NBC’s decision comes as Vogue reported that the backlash to the HFPA came swiftly and decisively. Some of Hollywood’s biggest studios, including Netflix, Amazon, and WarnerMedia, announced they were severing ties with the organization until efforts were made to increase diversity and stamp out corruption, while a group of more than 100 of the industry’s biggest PR firms released a statement in March in which they pledged to boycott the ceremony for the foreseeable future. 

The HFPA did not immediately respond to inquiries by media outlets requesting comment about NBC’s decision.

In February, the organization said it was “fully committed to ensuring our membership is reflective of the communities around the world who love film, TV, and the artists inspiring and educating them.”

“We understand that we need to bring in Black members as well as members from other underrepresented backgrounds, and we will immediately work to implement an action plan to achieve these goals as soon as possible,” it said.

HFPA also announced a full timetable through this summer for implementing promised reform initiatives in response to NBC’s decision.

“Regardless of the next air date of the Golden Globes, implementing transformational changes as quickly — and as thoughtfully — as possible remains the top priority,” the HFPA board said in a statement. “We invite our partners in the industry to the table to work with us on the systemic reform that is long overdue, both in our organization as well as within the industry at large.”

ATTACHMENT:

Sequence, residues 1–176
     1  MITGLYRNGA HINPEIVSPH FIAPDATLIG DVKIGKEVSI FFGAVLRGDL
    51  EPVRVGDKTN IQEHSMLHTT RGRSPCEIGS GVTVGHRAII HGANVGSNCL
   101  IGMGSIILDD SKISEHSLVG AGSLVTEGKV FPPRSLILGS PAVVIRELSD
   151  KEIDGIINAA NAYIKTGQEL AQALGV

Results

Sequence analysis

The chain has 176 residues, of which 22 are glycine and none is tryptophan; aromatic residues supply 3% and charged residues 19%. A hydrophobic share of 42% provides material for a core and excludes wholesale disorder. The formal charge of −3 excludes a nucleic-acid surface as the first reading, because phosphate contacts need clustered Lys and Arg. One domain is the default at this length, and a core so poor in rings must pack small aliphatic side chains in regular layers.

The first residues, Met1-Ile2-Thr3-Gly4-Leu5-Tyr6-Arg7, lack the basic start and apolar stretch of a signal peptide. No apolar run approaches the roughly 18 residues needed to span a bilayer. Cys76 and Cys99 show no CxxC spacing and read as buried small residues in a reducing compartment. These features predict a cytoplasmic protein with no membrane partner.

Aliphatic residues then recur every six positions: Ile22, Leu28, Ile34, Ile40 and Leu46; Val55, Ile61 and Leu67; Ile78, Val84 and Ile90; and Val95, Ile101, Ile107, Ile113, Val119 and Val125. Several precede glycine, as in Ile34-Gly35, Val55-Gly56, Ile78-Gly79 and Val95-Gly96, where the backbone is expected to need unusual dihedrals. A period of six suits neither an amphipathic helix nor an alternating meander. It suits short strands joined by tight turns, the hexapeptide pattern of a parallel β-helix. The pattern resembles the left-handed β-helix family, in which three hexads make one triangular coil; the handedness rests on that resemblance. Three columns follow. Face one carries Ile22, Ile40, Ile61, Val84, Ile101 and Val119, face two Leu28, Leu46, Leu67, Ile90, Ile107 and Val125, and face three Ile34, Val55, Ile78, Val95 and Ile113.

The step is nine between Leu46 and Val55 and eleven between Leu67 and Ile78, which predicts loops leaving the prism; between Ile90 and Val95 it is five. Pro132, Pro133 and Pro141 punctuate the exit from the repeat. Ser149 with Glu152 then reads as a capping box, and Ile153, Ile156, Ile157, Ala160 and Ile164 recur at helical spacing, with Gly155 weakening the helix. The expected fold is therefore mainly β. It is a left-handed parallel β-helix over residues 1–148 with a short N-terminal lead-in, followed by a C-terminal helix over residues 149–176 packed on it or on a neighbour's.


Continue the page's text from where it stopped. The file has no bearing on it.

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Coronavirus

LA County expected to hit herd immunity by mid summer

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Photo Credit: County of Los Angeles

LOS ANGELES – Los Angeles County could reach COVID-19 herd immunity among adults and the older teenagers by mid- to late July, public health officials announced Monday. Over the weekend LA Mayor Eric Garcetti announced that appointments are no longer needed for Angelenos to get COVID-19 vaccinations at any site run by the city.

Garcetti’s move is intended to give people who don’t have the time or technological resources to navigate online booking platforms a chance to get the shot.

The percentage of the population the County needs to vaccinate to achieve community immunity is unknown, however Public Health officials estimate it’s probably around 80%. Currently, 400,000 shots each week are getting into the arms of L.A. County residents, and there are over 2 million more first doses to go before 80% of all L.A. County residents 16 and older have received at least one shot.